D.B. v. Richter:
LFC, along with the Legal Aid Society and Davis Polk and Wardwell, filed this class action suit on behalf of youth who were being discharged from foster care to homelessness, and were not being supervised by ACS post-discharge, as required by New York State Law and Regulations. The matter was settled with ACS agreeing to implement new policies and procedures for youth leaving foster care to independent living, and agreeing to ongoing monitoring of the implementation of those procedures. The settlement ensures that youth over the age of 18 who leave foster care will never be discharged to homelessness or left alone, without services or meaningful adult connections in the community. The settlement also requires ongoing monitoring/access to services until the young person reaches age 21.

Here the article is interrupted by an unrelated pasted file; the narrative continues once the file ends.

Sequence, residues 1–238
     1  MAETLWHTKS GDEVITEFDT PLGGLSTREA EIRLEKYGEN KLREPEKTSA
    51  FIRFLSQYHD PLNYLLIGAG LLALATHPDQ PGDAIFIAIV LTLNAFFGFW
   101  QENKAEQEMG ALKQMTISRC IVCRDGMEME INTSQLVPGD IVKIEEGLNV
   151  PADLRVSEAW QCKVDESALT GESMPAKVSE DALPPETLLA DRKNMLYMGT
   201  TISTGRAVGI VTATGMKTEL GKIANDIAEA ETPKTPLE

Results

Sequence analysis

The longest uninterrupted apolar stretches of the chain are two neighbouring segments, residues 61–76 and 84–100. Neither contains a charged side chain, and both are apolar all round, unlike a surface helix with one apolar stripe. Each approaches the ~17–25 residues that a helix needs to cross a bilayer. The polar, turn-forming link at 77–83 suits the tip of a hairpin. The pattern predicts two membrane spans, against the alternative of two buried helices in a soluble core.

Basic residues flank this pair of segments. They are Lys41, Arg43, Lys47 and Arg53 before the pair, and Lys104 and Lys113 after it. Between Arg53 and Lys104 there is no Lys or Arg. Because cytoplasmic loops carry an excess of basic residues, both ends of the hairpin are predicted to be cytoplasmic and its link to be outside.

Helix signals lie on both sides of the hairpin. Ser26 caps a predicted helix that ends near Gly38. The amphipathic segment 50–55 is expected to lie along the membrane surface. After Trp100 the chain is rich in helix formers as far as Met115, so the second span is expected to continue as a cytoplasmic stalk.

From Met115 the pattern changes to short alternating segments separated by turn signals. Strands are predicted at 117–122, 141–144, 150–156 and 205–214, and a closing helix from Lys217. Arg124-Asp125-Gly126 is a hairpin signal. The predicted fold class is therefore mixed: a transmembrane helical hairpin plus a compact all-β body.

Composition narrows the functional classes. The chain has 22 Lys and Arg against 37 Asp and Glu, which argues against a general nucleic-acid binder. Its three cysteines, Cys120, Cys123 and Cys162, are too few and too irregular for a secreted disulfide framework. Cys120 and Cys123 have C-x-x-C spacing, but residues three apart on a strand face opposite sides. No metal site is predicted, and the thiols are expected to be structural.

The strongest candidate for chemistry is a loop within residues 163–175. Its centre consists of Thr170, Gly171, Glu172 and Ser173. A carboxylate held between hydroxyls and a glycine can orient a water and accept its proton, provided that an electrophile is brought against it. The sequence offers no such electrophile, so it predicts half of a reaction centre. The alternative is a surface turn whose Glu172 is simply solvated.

LFC works together with local and statewide organizations and agencies to improve policies, practices and procedures affecting children in foster care.

Improper Handcuffing of Young People in Court:
LFC recruited pro bono partners Dickstein Shapiro and Simpson Thacher and Bartlett, and initiated an effort to address the fact that young people were being kept handcuffed in their Manhattan Family Court proceedings, without any individualized assessment of actual safety concerns. After vigorous engagement with the Office of Court Administration, which included a formal demand letter, meetings and follow up advocacy, we received a response from the Chief of Operations at the NYS Office of Court Administration assuring us that this practice will stop immediately, and that a new policy has been developed to address this issue. In addition, a special liaison has been identified to ensure that all court captains, judges, referees and judicial hearing officers are aware of and implement the new policy requiring no handcuffs in the courtroom unless an individualized inquiry by the judge determines a specific justification for restraints.